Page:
Preferably the temperatures during this treatment in the soaking bath with the natural silk yarns is maintained between to F., although the temperatures for other yarns such as rayon may be maintained between to F. for every 100 parts by Weight of natural silk in gum, 500 parts by weight of water are utilized in the soaking bath, to which bath is added-between 10 to 20 parts by weight of the sulphonated oil, between 1% to 3 parts by weight of potassium carbonate and between 1 to 2 parts by weight of discharging salt or discharging salt mixture.
To give several illustrative examples without restricting the invention thereto, for 100 pounds of natural silk in gum to be utilized in making knitting yarns for stockings a bath is made up of 60 gallons or 500 pounds of water, in which is included 16 pounds of a sulphonated olive oil, 2%; pounds of potassium carbonate and 1% pounds of the discharging salt mixture of the present application.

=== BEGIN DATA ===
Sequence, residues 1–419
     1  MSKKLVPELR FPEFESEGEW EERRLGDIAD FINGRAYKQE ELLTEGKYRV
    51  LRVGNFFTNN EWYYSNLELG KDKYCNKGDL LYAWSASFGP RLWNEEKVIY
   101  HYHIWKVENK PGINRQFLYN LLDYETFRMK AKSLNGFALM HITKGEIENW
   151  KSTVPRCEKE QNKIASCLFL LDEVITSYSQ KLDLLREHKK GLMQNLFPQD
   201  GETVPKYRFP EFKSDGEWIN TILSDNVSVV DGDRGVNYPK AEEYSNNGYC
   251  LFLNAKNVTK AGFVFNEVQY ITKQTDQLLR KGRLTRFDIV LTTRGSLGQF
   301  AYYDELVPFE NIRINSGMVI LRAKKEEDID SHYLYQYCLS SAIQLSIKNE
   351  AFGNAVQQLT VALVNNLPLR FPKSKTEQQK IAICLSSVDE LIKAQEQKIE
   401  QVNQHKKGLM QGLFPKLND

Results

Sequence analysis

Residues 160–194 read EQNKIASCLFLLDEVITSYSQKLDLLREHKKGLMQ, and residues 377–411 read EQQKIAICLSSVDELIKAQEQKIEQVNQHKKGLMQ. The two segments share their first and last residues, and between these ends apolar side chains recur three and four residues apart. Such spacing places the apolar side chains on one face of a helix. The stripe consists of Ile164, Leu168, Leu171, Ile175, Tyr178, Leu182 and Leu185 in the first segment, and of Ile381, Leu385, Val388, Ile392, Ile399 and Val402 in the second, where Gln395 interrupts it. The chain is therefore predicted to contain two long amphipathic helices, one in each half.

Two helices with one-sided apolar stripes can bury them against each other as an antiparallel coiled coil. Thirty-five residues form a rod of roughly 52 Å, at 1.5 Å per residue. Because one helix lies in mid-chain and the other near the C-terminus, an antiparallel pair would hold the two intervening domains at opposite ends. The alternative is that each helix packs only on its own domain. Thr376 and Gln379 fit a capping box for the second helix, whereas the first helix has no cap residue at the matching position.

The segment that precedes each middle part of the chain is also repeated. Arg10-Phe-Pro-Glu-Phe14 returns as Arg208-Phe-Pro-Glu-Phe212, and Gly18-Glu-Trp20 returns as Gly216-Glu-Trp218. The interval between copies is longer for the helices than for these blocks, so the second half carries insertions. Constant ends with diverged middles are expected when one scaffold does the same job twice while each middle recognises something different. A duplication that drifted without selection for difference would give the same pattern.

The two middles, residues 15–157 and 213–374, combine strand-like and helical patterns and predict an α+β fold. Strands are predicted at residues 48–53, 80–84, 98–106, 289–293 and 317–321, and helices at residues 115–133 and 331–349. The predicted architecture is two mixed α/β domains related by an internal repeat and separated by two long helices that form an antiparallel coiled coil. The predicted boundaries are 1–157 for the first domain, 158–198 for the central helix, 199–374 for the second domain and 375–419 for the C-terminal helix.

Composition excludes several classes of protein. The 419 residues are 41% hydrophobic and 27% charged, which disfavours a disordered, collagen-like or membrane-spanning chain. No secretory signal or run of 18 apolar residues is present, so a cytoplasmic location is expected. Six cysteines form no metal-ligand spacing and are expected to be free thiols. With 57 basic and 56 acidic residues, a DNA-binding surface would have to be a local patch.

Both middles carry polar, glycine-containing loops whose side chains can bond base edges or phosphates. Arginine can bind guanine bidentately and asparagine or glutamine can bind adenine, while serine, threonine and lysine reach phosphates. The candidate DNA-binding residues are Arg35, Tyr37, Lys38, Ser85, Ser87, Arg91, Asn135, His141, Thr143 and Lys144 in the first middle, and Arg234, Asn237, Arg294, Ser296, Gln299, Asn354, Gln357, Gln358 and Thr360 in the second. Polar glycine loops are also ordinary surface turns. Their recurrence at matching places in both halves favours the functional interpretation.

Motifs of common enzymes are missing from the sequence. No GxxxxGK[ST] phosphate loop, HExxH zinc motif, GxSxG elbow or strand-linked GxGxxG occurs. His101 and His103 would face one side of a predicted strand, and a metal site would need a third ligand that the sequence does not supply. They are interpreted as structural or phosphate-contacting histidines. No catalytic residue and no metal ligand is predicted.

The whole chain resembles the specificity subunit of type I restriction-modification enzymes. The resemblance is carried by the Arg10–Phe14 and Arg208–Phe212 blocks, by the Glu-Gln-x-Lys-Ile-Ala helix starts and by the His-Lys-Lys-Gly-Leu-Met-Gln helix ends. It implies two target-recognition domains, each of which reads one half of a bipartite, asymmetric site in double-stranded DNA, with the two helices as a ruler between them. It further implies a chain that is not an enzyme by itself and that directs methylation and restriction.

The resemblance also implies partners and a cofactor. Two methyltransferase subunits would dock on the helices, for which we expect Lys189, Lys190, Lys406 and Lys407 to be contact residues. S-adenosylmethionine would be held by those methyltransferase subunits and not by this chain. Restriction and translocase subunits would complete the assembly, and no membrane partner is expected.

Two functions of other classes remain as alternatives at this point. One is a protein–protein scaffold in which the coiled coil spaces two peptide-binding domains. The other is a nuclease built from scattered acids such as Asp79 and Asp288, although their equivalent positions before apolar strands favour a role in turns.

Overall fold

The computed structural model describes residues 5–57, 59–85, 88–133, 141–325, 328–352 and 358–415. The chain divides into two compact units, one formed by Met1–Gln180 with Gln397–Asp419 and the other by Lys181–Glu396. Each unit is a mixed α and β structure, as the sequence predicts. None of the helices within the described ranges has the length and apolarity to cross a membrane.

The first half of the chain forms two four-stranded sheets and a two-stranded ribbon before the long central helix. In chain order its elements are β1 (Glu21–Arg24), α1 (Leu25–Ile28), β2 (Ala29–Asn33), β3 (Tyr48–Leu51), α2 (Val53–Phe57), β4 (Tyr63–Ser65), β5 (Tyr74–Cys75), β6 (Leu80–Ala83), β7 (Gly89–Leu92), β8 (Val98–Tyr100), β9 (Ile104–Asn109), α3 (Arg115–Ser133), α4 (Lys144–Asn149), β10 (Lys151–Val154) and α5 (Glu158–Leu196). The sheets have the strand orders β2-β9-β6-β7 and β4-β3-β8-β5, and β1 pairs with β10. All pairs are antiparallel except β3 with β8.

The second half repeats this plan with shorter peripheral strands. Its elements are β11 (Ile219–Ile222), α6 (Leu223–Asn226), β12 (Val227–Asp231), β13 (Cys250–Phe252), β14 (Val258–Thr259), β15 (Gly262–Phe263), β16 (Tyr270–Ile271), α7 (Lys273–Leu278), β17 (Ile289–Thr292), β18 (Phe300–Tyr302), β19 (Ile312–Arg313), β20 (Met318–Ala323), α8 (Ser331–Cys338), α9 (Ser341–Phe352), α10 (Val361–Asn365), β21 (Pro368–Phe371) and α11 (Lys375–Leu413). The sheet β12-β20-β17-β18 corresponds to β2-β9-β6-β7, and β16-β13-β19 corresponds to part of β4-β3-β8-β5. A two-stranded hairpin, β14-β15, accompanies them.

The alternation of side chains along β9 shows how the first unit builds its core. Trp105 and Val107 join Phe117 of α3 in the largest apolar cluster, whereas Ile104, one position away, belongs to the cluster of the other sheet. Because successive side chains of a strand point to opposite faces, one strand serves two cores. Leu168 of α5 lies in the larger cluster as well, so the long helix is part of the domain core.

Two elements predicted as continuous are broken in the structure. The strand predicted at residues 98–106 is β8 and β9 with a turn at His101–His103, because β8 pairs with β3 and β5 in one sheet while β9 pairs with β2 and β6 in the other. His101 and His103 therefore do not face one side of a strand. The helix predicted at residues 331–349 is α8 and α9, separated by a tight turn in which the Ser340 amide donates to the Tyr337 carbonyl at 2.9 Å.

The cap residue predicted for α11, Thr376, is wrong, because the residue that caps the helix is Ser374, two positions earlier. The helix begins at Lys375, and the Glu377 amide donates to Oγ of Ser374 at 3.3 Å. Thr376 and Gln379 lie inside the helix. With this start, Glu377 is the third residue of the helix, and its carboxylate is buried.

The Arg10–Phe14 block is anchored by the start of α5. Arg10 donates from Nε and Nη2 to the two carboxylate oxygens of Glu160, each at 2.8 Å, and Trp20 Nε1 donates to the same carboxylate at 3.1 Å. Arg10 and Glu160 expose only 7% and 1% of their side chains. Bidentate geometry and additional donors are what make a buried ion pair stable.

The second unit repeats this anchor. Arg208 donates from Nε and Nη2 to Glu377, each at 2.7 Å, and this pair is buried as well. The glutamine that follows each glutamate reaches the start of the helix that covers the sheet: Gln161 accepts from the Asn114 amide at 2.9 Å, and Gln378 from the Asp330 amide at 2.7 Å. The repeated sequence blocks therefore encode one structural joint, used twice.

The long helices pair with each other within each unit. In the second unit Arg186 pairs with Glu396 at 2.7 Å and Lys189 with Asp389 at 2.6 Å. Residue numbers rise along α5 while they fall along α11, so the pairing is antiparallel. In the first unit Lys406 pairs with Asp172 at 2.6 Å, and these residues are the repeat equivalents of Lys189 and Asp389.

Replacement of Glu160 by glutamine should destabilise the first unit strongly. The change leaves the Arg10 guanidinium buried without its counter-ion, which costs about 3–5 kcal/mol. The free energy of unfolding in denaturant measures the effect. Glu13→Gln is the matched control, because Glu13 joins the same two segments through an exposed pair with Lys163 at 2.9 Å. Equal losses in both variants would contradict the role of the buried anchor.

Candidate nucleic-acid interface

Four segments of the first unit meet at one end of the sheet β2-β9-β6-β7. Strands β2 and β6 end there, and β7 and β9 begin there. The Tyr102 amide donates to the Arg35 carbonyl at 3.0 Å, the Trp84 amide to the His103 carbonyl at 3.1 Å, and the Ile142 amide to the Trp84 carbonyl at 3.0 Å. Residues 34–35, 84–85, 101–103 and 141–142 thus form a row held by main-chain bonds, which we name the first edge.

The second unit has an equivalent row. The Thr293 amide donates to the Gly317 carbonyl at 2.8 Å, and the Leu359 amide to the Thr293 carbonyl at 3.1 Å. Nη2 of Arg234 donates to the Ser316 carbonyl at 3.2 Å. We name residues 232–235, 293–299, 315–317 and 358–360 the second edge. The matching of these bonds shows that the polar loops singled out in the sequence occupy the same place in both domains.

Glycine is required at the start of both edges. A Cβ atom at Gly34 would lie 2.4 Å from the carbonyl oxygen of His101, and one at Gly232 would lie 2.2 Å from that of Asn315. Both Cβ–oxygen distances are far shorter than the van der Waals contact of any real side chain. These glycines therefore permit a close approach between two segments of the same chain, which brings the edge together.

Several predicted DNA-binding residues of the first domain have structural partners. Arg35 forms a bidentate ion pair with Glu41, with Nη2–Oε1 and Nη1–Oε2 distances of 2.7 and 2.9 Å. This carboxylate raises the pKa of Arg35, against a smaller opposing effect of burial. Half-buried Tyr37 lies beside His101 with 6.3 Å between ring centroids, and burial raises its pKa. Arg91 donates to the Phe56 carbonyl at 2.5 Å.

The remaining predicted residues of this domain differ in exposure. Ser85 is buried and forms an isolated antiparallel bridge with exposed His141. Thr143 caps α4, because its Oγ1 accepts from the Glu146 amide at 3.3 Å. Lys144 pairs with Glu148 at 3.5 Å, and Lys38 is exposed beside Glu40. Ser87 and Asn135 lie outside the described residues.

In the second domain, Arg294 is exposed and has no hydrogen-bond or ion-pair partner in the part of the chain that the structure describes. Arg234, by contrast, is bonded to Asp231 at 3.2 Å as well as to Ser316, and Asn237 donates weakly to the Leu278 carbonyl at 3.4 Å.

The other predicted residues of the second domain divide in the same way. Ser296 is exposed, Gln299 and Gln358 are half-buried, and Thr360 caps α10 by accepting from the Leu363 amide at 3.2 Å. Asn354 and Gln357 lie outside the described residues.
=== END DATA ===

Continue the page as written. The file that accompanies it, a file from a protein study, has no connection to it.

For treating yarns to be utilized in making crepe silks, on the other hand, 100 pounds of natural silk in the forms of skeins are immersed in 60 gallons or 500 pounds of water, including 12 pounds of sulphonated neats-foot oil, 2 pounds of sodium carbonate and 1% pounds of the salt mixture of the present application.
Suflicient sodium or potassium carbonate or other alkaline reagents should be added to neutralize the free fatty acids or other acid components and it is most desirable that at the end of the treatment in the soaking bath, which may be from 10 hours to overnight, the bath does not change to acid condition. The treatment should end with the bath having a pH of about 7, or above.
Generally in one hours treatment according to the present invention, it has been found that at least 25% of the oily material has been completely absorbed by the silk in gum, while with 8 hours and the above proportions, the absorption is substantially completed.
During this treatment with natural silk the temperature should be maintained between 70 to 100 F., although slightly higher temperatures may be utilized in the soaking of rayon. v
The preferred ammonium salt mixtures, which may be utilized according to the above examples, are those composed of ammonium sulphate and ammonium silicofluoride.